Adontae Spivey struggled to say the word "pop."
The 4-year-old boy kept forgetting to add the final "p" sound to the word and it came out sounding like "po," instead.
Granted, there are a lot of distractions for Adontae. During a recent, regular visit to the MCG Children's Medical Center, Adontae -- wearing a Buzz Lightyear T-shirt and carrying a toy monkey -- seemed enticed by the toys, games and books in the room.
But his therapist, Brittany DeJarnett, a speech language pathologist, kept the rambunctious little guy focused on the task at hand. She had him slow down and repeat the word. She urged him to remember to put the "final sound" on the end.
After a few tries, he exclaimed "pop," and a bright smile crossed his face.
"Good job!" DeJarnett said. "Great talking! Good job putting your final sound on there."
Like King George VI, whose struggles overcoming a lifelong speech impediment are portrayed in the Oscar-nominated film The King's Speech , Adontae is one of the millions of people throughout the world who has some kind of problem speaking clearly.
In his case, he is working to overcome a phonological disorder, sometimes called an articulation disorder, that occurred because he has not fully developed the ability to produce some or all sounds necessary for speech that is normal for his age.
In the film, which is nominated for 12 Oscars, including Best Picture, the king is depicted as a reluctant leader who must overcome a debilitating stutter in order address his anxious nation in the days before World War II. And just like Adontae has been doing, the king undergoes a series of exercises to improve his diction.
DeJarnett, who recently saw the movie, said she was not only impressed by the acting but by the accuracy in some of the stuttering-therapy techniques.
"I thought it was a great movie just for entertainment," she said. "But it really had a lot of meat to it as far as what goes into stuttering therapy."
A lot of the work that Lionel Logue, the king's speech therapist played by Geoffrey Rush, does in the film is centered on dealing with "secondary behaviors," she said.
Often, adults who don't seek treatment when they are younger avoid certain situations, and the therapist must work with them to overcome those fears in order to progress.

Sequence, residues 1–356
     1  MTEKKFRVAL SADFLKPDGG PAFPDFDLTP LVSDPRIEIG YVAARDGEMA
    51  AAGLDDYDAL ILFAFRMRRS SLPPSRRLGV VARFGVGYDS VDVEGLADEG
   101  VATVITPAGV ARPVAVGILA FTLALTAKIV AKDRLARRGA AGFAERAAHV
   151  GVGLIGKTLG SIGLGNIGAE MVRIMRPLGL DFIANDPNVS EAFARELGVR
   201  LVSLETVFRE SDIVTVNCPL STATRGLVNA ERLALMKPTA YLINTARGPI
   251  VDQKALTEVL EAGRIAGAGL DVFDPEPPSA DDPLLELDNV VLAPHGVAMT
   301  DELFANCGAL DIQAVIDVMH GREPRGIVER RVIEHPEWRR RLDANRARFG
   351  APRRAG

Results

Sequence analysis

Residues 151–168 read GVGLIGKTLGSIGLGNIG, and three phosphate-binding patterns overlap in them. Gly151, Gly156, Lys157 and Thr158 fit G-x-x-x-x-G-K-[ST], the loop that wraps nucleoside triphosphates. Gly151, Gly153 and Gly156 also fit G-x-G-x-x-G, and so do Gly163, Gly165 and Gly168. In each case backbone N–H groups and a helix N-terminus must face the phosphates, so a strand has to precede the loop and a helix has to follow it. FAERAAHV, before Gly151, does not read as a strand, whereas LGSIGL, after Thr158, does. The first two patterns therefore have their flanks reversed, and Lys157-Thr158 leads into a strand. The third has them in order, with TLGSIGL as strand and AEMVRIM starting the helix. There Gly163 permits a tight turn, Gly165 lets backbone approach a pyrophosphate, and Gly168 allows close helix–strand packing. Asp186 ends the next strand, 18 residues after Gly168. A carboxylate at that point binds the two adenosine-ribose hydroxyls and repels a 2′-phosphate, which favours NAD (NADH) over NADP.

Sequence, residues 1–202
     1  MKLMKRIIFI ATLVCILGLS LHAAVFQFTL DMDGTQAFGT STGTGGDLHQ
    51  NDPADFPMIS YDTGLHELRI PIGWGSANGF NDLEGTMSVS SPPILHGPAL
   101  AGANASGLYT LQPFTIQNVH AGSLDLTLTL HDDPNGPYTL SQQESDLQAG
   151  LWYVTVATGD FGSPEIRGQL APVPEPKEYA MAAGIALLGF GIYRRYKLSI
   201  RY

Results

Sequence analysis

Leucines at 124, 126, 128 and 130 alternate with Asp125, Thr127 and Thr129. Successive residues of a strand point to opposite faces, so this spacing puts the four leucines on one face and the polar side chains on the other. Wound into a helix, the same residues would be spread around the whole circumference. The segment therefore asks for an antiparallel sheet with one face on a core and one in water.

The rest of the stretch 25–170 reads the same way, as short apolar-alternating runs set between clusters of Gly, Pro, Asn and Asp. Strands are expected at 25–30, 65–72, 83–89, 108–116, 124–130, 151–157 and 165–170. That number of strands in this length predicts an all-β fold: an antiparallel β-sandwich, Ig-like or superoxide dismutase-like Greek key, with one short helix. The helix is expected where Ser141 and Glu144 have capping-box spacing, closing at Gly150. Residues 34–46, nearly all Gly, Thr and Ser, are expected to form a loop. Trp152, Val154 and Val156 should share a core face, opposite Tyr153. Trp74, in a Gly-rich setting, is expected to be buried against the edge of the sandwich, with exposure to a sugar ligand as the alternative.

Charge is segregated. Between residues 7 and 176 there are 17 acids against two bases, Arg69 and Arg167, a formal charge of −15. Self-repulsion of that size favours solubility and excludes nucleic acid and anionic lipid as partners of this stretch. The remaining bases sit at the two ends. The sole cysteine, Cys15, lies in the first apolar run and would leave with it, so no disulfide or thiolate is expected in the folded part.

"It's built up over the years -- the fear of talking," she said. "You kind of have to break that boundary at first."
Typically, stuttering appears at about 4 years old.
Dr. Jennifer Jones, a speech language pathologist in Augusta, said the cause is something that is still not known, but if left untreated, patients will often adopt a tic along with the stuttering -- such as blinking their eyes or moving their arms. The tic is an attempt by them to try to get over the stutter.
"That's when you know it's a problem," Jones said. "Because then it's become so noticeable to them that they are putting something else into it to try to get over it."
While pathologists don't have their patients roll on the floor, as is done in the film, they do use several of the techniques depicted, Jones said.
These include slowing down the speech, deep breathing, relaxing and the use of pauses between words.
In one scene, the character played by Rush puts headphones on the king and has him speak while listening to music. Without the sound of his own voice in his ears, the king speaks perfectly.
"That actually is a technique, using singing," she said. "When you sing, it's a right brain activity, not a left brain activity. So singing is a task that is used a lot to help stutterers."
One technique that isn't used is yelling curse words. In several scenes, the king is able to sprinkle loud profanity throughout his speech to stop the stuttering.
"I'm pretty sure they added that part for entertainment," DeJarnett said.
But the use of a technique called pre-block connection was dead right, she said. In the part, the king couldn't say "people" so his therapist had him lead into the word with "a people's."
It basically let him bypass the letter which was giving him trouble.
Incidentally, that letter just happened to be a "p."